Everything we didn’t know about data discovery until we started trying to automate it

Everything we didn’t know about data discovery until we started trying to automate it

In Yellowfin’s 7.4 release, we introduced an automated data discovery module. When we started developing this module we didn’t have an honest understanding of the many challenges analysts face using existing tools for data discovery. It quickly became apparent that the BI industry had been pushing the workload of discovery into analyst driven data manipulation. BI platforms didn’t take data, process it, and ask questions without a substantial amount of massaging from a data analyst.

Once we had our light bulb moment we were able to see data discovery in a whole new light. It’s given us a radical departure from the industry norm and how other vendors think about data discovery and processing.

Ask users what they need, don’t assume

As we understood more about the challenges of data discovery, it quickly became apparent that we had been operating with two large blind spots.

The first blind spot was an industry-wide one. We looked at our functionality, compared it to our competitors and assumed we’d covered everything. We hadn’t considered that there was some essential functionality that didn’t exist in any product in the market, like automated data discovery.

The second blind spot was the assumptions that we made around how people used BI products. As we automated data discovery, we needed to understand exactly what questions a data scientist would ask of their data. So over the course of years, we spoke to many data scientists and found out what questions they asked as they prepared data for analysis. It sounds odd, but as we worked through this process I became very confident that not many other vendors have ever asked these questions.

Traditionally, it seems like many vendors haven’t really thought about the questions that people are asking of their data. But this is an essential step when you’re building an interface that allows people to easily ask their questions and return an answer immediately. A vendor’s role isn’t to assume what these questions are, it’s to automate them.   

As our blind spots became apparent, the process of automation also became harder. While our initial spec was completed quickly, as we started to peel back the layers we discovered more things that we hadn’t really considered or thought of previously. This made it all the more exciting as we started to put all the pieces together.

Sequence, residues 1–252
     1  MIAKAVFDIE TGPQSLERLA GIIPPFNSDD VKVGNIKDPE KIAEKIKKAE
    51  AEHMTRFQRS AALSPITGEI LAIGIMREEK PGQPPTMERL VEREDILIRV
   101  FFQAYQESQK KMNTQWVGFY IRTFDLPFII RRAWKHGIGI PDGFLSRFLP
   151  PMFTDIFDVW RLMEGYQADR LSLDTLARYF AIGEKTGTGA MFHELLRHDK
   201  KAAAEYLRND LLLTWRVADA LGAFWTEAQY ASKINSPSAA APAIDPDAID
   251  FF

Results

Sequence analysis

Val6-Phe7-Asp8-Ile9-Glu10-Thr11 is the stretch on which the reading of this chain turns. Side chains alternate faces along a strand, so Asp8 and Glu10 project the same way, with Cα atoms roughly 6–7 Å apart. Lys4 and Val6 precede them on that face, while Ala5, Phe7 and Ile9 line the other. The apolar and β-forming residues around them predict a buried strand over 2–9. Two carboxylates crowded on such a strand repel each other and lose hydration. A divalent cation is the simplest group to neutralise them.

The nuances in data discovery

Data discovery has traditionally been a completely manual process. Analysts have worked through data, slicing and dicing it manually. As a result, it’s easy to miss a lot of the nuances in the way data discovery should happen.

Take comparative analysis, for example. Comparative analysis is an important aspect of any data analyst’s work- comparing quarterly financials, one region to another, budget to actual, the use cases go on. To do this well it’s necessary to take the raw data and create sets. These sets then need to be filtered and the coefficient of variation across a range of data needs to be determined.

The work required to conduct comprehensive comparative analysis is almost impossible to do manually, yet data analysts were spending an inordinate amount of time trying every possible combination to find that nugget of gold. The BI tool should give this information to the analyst, yet only one platform that I’m aware of did this – until now. By automating comparative analysis, the data analyst no longer needs to waste time conducting comparative analysis by hand.

Profitability metrics are another example. While it’s relatively simple to work out the metrics manually, the comparative analysis required to gain insight into the data is more complex. By investigating this we were able to highlight the gaps in our existing product, like identifying outliers.

For example, if air travel costs have increased significantly from one quarter to another it might be easy to identify some significant outliers – perhaps a couple of people flew first class. But if the outliers are not so obvious – perhaps the price of one particular flight path has changed dramatically – it can be harder to find in the data manually. An analyst may previously have spent days slicing and dicing data trying to find this outlier, but the real value is in finding this information quickly, understanding it and then delivering that information back to the business.

These nuances are not easy to detect manually, but it wasn’t until we automated the process of data discovery that we could see how many more insights our customers could identify.

In the past year, we’ve transformed how people discover data. We’ve achieved this by breaking free from industry assumptions and norms and getting to the heart of how people use our product. This has allowed us to make it easier for users to conduct their analysis. Users can get on with the task of providing insights and value to their business.

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